The Nursing Informatics program will incorporate curricular changes including newly emerging informatics competencies and innovations, as well as customized practicum experiences. The leadership specialty has been renamed the Nursing and Health Care Leadership program based on feedback from nursing professionals who wanted a program that incorporates stronger experiential learning, new collaborations with nursing informatics, and a focus on real-world learning.
To learn more about the Vanderbilt University School of Nursing’s newly redesigned MSN programs in Nursing Informatics and Nursing and Health Care Leadership, visit here.
Southern Illinois University Edwardsville (SIUE) recently introduced a new Master of Science dual degree program in nursing administration and healthcare informatics. The program will prepare nurses for entry into management positions in healthcare organizations, and foster skill development in planning, designing, and implementing information technologies.
SIUE’s dual degree program provides a unique opportunity for experienced nurses to leverage their prior education and experience to improve their leadership skills by using technology to improve patient healthcare options.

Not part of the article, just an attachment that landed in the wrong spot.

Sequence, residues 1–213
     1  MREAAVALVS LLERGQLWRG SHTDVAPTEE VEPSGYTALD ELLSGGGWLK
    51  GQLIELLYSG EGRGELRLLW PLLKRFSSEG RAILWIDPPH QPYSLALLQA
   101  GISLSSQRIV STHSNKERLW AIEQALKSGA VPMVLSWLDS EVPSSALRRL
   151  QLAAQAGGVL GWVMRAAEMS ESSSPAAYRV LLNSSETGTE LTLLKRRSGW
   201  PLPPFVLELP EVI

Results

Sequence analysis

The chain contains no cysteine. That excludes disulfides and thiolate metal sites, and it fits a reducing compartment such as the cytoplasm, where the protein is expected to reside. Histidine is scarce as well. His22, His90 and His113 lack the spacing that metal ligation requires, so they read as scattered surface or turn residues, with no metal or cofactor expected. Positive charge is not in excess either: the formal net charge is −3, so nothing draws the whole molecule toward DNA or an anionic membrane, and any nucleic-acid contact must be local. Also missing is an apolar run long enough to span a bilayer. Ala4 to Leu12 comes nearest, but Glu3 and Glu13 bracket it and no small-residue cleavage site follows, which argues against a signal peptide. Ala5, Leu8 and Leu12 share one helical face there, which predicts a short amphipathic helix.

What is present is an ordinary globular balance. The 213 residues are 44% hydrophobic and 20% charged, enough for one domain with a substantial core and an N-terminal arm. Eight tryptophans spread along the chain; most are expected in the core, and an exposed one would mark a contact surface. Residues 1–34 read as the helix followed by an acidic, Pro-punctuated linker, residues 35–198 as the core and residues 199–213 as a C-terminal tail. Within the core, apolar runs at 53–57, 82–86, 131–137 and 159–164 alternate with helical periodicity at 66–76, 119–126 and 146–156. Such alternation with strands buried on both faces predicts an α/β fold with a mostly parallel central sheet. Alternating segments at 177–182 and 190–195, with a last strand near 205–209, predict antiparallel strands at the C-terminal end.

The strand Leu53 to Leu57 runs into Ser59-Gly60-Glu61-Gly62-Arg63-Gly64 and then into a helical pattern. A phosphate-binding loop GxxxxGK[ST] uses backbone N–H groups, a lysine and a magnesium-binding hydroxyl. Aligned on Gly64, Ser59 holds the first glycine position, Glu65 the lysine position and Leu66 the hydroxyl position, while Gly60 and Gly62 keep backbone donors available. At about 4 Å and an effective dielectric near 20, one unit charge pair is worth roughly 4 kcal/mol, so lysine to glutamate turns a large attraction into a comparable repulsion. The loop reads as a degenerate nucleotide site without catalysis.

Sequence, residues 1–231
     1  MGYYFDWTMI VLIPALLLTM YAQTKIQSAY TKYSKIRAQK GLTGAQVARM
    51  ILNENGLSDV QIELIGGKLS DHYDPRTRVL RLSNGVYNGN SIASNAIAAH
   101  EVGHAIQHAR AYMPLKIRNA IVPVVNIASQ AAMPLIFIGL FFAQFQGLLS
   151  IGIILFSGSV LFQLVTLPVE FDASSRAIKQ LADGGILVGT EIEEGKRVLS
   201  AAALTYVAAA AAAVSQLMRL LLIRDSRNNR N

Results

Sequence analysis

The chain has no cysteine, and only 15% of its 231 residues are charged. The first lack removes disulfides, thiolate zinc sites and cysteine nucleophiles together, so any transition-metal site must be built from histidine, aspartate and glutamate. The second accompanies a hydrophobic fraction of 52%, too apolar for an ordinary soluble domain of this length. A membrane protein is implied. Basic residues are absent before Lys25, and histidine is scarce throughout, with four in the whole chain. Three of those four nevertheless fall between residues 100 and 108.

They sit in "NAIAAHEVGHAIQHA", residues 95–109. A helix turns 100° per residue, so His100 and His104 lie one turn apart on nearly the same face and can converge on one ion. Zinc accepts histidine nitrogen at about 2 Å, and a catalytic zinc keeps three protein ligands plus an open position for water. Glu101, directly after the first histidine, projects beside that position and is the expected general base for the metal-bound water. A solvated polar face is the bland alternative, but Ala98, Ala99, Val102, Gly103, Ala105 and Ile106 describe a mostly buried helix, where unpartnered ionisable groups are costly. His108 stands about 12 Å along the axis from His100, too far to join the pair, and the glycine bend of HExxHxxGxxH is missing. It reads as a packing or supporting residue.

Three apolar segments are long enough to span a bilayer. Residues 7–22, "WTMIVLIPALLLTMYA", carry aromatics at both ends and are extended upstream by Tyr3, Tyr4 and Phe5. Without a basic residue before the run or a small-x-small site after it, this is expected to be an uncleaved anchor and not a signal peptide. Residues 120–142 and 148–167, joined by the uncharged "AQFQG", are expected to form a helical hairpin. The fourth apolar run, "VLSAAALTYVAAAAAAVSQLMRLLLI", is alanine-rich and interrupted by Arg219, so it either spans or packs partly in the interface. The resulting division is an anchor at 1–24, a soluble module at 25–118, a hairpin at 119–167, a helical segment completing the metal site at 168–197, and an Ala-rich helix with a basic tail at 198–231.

Frank Lyerla, SIUE healthcare informatics director, stated in a press release: “In 2008, less than 10 percent of acute care hospitals were using electronic medical records. Today, that percentage is nearing 100 percent! Graduates of our dual degree program will be well situated for leadership positions in two fields that are growing and in high demand.”
The dual degree nursing program opens up new career opportunities to guide and lead fellow nurses by becoming a nurse manager or healthcare executive. Graduates will be prepared to analyze and interpret clinical data and work with other health professionals to plan, implement, and optimize healthcare information systems to aid in training, project management, and leadership within an organization.
To learn more about SIUE’s new dual program in Nursing Administration and Healthcare Informatics, visit here.